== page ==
Centering on Charlie Nickels (Dean Lemont), a private detective more adept at ordering a Manhattan than doing his job, is the first problem. Lemont lacks the machismo necessary to work as an exaggerated version of characters such as Sam Spade and Philip Marlowe. In order to solve the murder of a rich client, he's thrust into a world full of mobsters like Bugsy Siegel (Joe Mantegna) and femmes fatales like Mona Livingston (Kirsten Vangsness). The actors are more than game, yet their performances feel either too arch or not enough so. Despite the brisk runtime, jokes last too long or run out of steam even before they've started.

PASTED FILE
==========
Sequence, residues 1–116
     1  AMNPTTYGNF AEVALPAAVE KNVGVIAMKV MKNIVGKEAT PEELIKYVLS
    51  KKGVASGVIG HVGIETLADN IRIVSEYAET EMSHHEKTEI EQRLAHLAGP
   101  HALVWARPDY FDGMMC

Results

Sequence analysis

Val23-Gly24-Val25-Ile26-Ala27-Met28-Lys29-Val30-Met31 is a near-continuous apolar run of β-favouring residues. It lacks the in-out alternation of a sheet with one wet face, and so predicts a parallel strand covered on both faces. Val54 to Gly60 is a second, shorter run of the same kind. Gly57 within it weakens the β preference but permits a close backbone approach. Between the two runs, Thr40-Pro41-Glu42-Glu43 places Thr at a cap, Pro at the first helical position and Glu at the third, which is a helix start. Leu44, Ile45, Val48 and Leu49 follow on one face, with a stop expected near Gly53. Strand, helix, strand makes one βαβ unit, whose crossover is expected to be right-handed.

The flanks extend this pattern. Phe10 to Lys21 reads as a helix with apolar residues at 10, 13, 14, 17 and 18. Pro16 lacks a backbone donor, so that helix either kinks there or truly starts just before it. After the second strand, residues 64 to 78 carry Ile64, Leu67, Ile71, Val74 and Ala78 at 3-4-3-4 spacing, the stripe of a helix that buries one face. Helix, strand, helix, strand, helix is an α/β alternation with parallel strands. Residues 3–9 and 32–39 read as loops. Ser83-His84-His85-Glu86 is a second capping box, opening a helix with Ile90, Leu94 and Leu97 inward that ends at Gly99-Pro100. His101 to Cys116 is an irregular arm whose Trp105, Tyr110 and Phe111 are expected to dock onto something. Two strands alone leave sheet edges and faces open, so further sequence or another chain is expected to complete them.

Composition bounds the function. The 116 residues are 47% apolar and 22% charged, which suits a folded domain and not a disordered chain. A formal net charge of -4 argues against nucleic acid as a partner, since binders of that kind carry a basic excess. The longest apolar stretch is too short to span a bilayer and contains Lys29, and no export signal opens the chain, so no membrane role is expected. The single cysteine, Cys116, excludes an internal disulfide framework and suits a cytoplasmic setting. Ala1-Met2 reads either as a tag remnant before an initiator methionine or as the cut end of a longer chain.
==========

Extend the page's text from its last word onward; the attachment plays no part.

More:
The one, minor storyline that works involves Charlie's put-upon secretary, Ida (Lynn Odell), who is clearly the better detective. She hunts for clues, takes on disguises and uses her wits to solve the murder before her boss does. He's too busy slapping, condescending to or flirting with women to see Ida's strengths — a clever nod to the sexism that runs through the genre. Unfortunately, this isn't enough. Unlike the great work it's referencing, Kill Me, Deadly is ultimately forgettable.